Amazon’s ‘Netflix for Books’: What It Might Cost

NEW YORK (MainStreet) — Voracious readers may soon have a new way to get their fix as Amazon (Stock Quote: AMZN) is rumored to be launching an e-book rental service similar to what Netflix has done for movies, The Wall Street Journal reports, but just how much this kind of service should cost remains a matter of debate.

According to the Journal, the digital book rental option would most likely feature older works and be offered as part of Amazon Prime, a $79-a-year service that provides users with free two-day shipping and instant movie streaming. If the book rentals prove popular, analysts say other companies could follow suit, raising the issue of what pricing model would entice consumers and publishers to sign up.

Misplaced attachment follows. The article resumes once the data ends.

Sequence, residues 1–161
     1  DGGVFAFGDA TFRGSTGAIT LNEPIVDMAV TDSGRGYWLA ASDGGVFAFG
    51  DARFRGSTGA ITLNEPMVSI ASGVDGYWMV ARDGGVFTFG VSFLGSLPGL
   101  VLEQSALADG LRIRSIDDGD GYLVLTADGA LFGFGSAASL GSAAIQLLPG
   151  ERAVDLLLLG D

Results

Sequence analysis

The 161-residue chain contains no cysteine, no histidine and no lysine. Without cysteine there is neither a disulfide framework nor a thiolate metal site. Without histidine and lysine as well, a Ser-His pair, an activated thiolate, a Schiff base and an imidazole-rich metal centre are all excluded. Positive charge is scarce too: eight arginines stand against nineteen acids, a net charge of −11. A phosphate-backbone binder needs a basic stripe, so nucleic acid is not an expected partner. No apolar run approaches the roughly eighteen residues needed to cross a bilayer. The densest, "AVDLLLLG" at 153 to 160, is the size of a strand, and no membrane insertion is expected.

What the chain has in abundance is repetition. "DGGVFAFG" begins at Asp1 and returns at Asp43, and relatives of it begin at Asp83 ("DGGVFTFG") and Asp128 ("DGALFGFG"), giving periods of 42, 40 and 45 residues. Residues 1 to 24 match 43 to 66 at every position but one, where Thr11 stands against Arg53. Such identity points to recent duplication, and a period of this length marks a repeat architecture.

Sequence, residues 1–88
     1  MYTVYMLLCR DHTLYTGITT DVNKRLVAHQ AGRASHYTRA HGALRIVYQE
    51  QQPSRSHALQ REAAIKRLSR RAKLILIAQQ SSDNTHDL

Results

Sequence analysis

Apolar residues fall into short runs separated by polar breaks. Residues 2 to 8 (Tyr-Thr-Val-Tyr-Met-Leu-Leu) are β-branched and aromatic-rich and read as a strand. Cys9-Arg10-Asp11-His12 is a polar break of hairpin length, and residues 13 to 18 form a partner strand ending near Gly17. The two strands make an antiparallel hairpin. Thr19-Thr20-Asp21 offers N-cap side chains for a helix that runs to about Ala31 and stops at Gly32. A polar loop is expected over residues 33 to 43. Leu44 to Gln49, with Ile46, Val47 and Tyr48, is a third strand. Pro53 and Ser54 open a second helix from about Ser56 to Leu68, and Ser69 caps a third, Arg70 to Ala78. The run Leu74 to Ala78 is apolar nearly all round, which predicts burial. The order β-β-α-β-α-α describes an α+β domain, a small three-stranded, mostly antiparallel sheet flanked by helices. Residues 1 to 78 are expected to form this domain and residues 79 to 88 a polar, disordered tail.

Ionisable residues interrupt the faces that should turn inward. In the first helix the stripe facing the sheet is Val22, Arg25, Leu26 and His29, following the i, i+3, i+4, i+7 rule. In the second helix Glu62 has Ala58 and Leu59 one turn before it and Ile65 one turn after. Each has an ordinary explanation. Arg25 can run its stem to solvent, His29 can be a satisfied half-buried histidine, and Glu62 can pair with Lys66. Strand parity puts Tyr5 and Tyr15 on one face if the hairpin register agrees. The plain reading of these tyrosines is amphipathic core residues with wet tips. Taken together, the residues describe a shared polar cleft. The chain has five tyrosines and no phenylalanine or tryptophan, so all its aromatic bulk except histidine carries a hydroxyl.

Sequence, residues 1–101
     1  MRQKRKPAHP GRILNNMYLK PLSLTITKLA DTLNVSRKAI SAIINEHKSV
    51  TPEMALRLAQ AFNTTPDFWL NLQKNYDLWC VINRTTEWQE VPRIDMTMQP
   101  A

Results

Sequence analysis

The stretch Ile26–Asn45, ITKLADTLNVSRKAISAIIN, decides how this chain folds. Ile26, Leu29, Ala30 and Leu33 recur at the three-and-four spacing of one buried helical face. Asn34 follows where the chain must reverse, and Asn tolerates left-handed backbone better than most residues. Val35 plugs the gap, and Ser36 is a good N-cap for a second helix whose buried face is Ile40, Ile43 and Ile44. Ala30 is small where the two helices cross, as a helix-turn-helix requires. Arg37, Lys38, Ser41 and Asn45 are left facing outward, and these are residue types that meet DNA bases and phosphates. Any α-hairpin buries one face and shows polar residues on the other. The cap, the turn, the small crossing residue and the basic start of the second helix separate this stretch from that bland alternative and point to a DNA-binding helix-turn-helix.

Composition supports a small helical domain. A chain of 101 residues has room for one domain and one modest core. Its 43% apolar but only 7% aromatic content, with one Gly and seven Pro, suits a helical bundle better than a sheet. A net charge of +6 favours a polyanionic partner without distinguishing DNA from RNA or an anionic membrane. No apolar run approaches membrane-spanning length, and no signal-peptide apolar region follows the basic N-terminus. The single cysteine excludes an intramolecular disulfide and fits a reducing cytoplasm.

“It will depend on the success Amazon has. If the Kindle tablet takes off, coupled with this service, then Apple will have no choice but to respond,” says Rob Enderle, principle analyst for the Enderle Group, referring to the tablet Amazon is also rumored to be working on. Enderle predicts that Barnes & Noble (Stock Quote: BKS) may decide to dabble in book rentals as well and says he’s surprised they haven’t tried to do so already.

While Amazon can use the service as a value-add to incentivize consumers to sign up for their $79 premier plan, Enderle suggests that other companies might choose to market it as a stand-alone feature whose price essentially matches the $7.99 Netflix charges to stream unlimited movies every month. For this price, he expects that Amazon customers would be able to rent a large number of e-books on their Kindles at any given time and would have access to those books until they return them or cancel their membership.

“I do expect it will be probably closer to the streaming model for Netflix,” Enderle says. “Most folks can’t consume more than a few books a month, but if you get a power reader, it’s like the heavy guy who goes into the all-you-can-eat buffet and makes up somewhat for all the light eaters.”